What is ICD 10 Code for Hypernatremia?

ICD 10 Code For Hypernatremia

ICD 10 Code for Hypernatremia

Hypernatremia is a condition characterized by an abnormally high level of sodium in the blood. Sodium is an essential electrolyte that helps regulate fluid balance, nerve impulses, and muscle contractions. However, too much sodium can cause dehydration, confusion, seizures, coma, and even death.

The normal range of sodium in the blood is between 135 and 145 milliequivalents per liter (mEq/L). Hypernatremia is defined as a sodium level above 145 mEq/L.

Causes of Hypernatremia

Hypernatremia can result from various causes, such as:

  • Excessive intake of salt or sodium-containing substances (e.g., medications, intravenous fluids, dietary supplements)
  • Loss of water due to vomiting, diarrhea, sweating, fever, burns, or kidney disease
  • Impaired thirst mechanism or inability to drink water (e.g., due to brain injury, dementia, stroke, or medication side effects)
  • Hormonal disorders that affect water and sodium balance (e.g., diabetes insipidus, Cushing’s syndrome, hyperaldosteronism)

Signs and Symptoms of Hypernatremia

Hypernatremia can cause various signs and symptoms depending on the severity and duration of the condition. Some common manifestations include:

  • Thirst
  • Dry mouth and mucous membranes
  • Weakness
  • Fatigue
  • Irritability
  • Restlessness
  • Confusion
  • Hallucinations
  • Muscle twitching
  • Seizures
  • Coma

Hypernatremia is a serious condition that requires prompt diagnosis and treatment. The treatment of hypernatremia depends on the underlying cause and the degree of dehydration. The main goal of treatment is to restore normal fluid and electrolyte balance by administering fluids (orally or intravenously) and correcting the cause of hypernatremia.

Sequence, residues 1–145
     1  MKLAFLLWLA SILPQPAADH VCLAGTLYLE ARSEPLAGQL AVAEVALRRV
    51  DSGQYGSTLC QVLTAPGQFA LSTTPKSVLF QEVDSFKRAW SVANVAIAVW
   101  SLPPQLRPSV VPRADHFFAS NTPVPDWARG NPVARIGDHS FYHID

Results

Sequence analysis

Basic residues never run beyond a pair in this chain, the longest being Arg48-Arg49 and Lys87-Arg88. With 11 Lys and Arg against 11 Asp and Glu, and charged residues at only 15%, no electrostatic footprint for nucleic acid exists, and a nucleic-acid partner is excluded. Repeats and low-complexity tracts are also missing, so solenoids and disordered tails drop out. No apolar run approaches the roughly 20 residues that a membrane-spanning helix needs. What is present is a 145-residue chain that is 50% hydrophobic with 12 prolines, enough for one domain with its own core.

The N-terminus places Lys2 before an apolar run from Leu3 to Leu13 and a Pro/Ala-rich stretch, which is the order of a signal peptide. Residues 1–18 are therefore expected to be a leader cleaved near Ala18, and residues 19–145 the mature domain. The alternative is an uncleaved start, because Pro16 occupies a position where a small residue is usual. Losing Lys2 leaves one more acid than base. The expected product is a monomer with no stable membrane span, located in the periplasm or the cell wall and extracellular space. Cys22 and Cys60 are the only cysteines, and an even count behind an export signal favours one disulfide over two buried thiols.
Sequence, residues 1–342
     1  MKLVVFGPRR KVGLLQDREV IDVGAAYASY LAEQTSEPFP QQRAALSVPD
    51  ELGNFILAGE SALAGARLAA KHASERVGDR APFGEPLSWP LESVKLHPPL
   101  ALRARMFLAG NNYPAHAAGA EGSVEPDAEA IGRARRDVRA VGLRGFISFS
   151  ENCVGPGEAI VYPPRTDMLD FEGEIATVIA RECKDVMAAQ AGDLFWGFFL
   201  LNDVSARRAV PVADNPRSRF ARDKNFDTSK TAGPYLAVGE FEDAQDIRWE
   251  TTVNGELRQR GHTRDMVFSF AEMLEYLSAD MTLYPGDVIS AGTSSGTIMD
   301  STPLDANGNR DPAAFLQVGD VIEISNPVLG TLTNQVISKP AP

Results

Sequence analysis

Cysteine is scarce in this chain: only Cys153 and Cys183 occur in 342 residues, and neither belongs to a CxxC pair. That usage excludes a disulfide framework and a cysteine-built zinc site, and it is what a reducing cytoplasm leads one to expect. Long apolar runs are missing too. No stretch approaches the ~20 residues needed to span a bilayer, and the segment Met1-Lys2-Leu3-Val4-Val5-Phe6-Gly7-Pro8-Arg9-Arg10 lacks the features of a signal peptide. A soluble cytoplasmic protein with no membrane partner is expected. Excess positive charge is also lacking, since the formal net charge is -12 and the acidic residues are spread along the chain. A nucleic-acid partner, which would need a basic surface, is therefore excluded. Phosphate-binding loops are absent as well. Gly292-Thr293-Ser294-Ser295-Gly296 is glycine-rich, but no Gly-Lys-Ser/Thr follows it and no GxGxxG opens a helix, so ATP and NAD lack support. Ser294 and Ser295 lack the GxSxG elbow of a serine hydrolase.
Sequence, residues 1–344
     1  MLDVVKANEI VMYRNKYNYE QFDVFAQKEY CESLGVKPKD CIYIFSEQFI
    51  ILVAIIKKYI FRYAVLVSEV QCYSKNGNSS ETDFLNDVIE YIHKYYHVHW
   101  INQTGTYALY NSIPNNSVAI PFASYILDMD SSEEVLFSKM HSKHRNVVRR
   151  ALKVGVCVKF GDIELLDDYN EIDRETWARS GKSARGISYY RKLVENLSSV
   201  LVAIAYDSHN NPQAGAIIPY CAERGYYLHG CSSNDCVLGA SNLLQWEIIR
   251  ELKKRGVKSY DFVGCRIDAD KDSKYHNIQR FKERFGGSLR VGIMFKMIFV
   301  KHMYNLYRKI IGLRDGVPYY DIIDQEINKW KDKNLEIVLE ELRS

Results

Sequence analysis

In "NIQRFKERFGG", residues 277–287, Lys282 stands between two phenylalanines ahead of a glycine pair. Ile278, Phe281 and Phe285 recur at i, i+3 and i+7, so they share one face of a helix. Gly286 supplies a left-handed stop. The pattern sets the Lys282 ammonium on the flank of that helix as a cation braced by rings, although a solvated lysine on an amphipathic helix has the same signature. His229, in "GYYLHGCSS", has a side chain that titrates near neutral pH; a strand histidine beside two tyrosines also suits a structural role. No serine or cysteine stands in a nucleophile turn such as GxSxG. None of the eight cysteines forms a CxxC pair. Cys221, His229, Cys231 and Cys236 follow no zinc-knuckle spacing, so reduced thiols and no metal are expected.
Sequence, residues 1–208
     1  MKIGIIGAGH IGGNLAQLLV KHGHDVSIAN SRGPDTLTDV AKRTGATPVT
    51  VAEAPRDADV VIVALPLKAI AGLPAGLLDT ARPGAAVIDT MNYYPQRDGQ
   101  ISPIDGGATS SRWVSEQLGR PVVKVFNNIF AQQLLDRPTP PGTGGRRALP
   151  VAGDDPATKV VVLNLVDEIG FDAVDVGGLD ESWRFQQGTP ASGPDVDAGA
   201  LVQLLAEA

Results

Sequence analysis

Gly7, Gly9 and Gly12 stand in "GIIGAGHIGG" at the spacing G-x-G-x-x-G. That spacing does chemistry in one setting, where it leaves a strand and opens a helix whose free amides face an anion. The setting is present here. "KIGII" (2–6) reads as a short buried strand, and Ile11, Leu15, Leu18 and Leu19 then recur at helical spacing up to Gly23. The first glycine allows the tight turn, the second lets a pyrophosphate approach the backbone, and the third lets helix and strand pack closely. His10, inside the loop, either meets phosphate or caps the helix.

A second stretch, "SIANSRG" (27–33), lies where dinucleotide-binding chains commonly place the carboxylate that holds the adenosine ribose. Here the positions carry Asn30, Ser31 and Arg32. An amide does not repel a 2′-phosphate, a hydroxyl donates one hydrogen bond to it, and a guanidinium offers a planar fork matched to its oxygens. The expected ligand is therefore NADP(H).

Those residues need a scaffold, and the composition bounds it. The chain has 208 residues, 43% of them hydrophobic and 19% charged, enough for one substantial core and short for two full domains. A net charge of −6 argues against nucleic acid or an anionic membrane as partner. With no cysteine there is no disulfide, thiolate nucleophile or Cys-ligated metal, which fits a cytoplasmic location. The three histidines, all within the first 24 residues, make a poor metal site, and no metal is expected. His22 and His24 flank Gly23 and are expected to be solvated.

How to Code Hypernatremia in ICD-10-CM?

In ICD-10-CM, hypernatremia is coded as E87.0 – Hyperosmolality and hypernatremia. This code is a billable/specific code that can be used to indicate a diagnosis for reimbursement purposes. The code E87.0 is applicable to both hyperosmolality and hypernatremia because these conditions are often related and have similar causes and effects.

Hyperosmolality is a condition characterized by an abnormally high concentration of solutes (such as sodium) in the blood. Hyperosmolality can cause water to move out of the cells into the blood vessels, leading to cellular dehydration and shrinkage. Hyperosmolality can also affect the brain and cause neurological symptoms.

The code E87.0 belongs to the category E87 – Other disorders of fluid, electrolyte, and acid-base balance. This category includes various conditions that affect the balance of fluids and electrolytes in the body, such as hyponatremia (low sodium), hypokalemia (low potassium), acidosis (low pH), alkalosis (high pH), etc.

The code E87.0 has some exclusions that should be noted:

  • Diabetes insipidus (E23.2)
  • Electrolyte imbalance associated with hyperemesis gravidarum (O21.1)
  • Electrolyte imbalance following ectopic or molar pregnancy (O08.5)
  • Familial periodic paralysis (G72.3)

These conditions have their own specific codes in ICD-10-CM and should not be coded with E87.0.

The code E87.0 should be sequenced according to the coding guidelines for chapters E00-E89 – Endocrine, nutritional, and metabolic diseases. The general rule is to code first the underlying condition that caused the hypernatremia, followed by code E87.0 to indicate the manifestation.

For example:

  • E16.2 – Hypoglycemia unawareness due to impaired counter-regulation > E87.0 – Hyperosmolality and hypernatremia